Sounds like Dads are being rated on whether they are good mothers, not good fathers. It used to be a father was a good father if he provided for his family. Now, that doesn’t count. Instead, he’s rated on nurturing?! Al-Qaeda is laughing at our girlie-man nation’s mentality.
Kelly says TV writers should show more of this true-life work/family conflict.
But that won’t happen, says Robert Thompson, director of the Bleier Center for Television and Popular Culture at Syracuse University. “Working families are having a hard enough time balancing child care and jobs. Do you want to sit down and watch this at night? Most people would run away screaming.”
To the contrary, Thompson says, family sitcoms already “are on life support,” fast disappearing, because stressed-out viewers crave “anesthesia” in over-the-top “reality” and other escapist shows.
“It’s disturbing to think that kids might judge their dad as worse than Homer Simpson,” he says. “Ward Cleaver was one thing–nobody could measure up–but sitcom dads today are flawed at best.”
(Agreed on Homer. But speak for yourself on Mr. Cleaver. My Dad does measure of to Cleaver and surpasses him in every way.)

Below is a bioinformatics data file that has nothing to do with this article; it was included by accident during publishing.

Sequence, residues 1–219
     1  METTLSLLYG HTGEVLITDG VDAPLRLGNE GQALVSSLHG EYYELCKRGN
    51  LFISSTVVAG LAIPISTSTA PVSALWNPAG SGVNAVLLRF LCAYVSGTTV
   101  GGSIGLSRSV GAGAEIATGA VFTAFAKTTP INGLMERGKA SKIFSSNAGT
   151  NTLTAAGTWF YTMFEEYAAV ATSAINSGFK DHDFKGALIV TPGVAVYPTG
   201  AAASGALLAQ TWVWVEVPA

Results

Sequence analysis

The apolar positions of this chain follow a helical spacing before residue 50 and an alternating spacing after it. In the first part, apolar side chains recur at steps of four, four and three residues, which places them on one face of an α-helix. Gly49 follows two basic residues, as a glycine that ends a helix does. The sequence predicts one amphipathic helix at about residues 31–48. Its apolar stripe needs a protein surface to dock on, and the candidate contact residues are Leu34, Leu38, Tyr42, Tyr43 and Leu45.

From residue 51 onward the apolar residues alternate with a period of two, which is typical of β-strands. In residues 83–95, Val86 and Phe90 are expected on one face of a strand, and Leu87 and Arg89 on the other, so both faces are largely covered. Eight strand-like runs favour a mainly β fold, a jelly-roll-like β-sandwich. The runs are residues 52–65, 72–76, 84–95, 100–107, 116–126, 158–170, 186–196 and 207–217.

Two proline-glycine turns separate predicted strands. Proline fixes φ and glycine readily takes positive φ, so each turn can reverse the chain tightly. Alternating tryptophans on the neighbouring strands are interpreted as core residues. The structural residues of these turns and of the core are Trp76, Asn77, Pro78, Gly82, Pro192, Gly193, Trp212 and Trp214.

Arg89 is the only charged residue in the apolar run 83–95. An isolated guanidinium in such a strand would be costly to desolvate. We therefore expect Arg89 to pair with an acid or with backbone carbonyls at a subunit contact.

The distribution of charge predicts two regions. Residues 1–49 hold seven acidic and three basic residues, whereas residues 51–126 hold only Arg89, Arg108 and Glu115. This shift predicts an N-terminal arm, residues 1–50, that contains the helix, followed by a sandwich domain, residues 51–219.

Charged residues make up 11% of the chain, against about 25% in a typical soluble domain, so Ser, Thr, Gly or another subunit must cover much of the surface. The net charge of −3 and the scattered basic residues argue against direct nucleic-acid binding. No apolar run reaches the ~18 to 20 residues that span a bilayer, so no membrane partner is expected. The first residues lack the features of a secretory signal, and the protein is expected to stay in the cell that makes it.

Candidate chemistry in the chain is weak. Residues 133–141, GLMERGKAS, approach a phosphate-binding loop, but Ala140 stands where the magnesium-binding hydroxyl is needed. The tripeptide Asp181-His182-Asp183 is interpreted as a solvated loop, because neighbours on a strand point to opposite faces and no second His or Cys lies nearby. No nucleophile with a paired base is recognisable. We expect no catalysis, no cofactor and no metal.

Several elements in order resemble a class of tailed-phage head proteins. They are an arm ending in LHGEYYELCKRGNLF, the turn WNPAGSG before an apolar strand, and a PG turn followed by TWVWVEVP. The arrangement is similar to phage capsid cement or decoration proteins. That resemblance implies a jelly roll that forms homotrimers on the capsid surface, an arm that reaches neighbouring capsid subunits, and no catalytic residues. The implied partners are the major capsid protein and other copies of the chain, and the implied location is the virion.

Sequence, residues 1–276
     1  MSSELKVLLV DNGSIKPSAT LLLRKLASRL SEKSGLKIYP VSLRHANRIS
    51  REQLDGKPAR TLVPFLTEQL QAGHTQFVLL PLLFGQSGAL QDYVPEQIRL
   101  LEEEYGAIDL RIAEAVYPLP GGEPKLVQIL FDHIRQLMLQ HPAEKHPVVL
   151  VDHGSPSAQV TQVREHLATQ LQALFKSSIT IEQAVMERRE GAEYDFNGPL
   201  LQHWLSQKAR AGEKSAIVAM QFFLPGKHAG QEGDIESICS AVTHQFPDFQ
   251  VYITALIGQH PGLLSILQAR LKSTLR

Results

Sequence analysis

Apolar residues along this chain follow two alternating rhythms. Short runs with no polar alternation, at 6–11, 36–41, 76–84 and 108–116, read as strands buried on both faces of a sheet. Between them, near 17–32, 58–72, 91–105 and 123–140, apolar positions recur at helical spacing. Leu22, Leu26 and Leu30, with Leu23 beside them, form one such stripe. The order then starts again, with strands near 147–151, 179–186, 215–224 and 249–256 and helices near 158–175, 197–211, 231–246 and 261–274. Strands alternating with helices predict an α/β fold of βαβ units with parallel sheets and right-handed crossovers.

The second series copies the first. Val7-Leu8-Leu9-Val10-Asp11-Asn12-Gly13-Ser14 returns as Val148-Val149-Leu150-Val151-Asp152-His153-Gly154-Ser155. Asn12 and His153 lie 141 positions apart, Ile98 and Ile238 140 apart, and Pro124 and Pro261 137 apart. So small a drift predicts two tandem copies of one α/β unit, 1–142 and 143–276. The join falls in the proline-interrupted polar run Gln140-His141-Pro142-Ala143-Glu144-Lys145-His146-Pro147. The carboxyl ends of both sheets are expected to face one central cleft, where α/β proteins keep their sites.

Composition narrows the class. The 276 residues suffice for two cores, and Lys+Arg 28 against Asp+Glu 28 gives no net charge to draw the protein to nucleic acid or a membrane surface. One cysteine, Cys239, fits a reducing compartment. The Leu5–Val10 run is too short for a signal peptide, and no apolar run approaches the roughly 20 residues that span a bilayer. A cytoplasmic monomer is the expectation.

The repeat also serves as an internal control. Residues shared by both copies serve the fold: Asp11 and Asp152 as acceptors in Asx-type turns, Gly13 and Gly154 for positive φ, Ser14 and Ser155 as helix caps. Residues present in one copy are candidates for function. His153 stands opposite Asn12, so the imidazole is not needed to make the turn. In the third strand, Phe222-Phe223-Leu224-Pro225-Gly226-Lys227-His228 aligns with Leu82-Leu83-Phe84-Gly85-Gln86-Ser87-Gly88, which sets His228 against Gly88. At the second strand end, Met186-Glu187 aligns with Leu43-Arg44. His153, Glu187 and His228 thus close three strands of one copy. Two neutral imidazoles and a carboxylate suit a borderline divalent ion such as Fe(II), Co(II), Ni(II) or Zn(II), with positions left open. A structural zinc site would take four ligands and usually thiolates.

In a TV.com poll, Mr. Bennett of “Heroes,” Homer Simpson, Tony Soprano, Peter Griffin of “Family Guy,” and Commander Adama of “Battlestar Galactica” were the TV dads 6,800 voters chose as those they wish were their dads.
This is just as disturbing. Do you really want Homer Simpson, Tony Soprano, or Peter Griffin as your dad? Are you really that dissatisfied with your own father? Oy. Is this really where we are at in America, today?
Fathers are under attack, not only from the Mainstream Media, but our legal system and laws. According to divorce attorney Dennis Vatsis, in over 70% of divorce cases in Michigan, for example, a father does not get physical custody of his children. When you add in cases where the father does not get any form of custody (such as joint custody), the cases exceed 90%, where the mother has custody, not the father.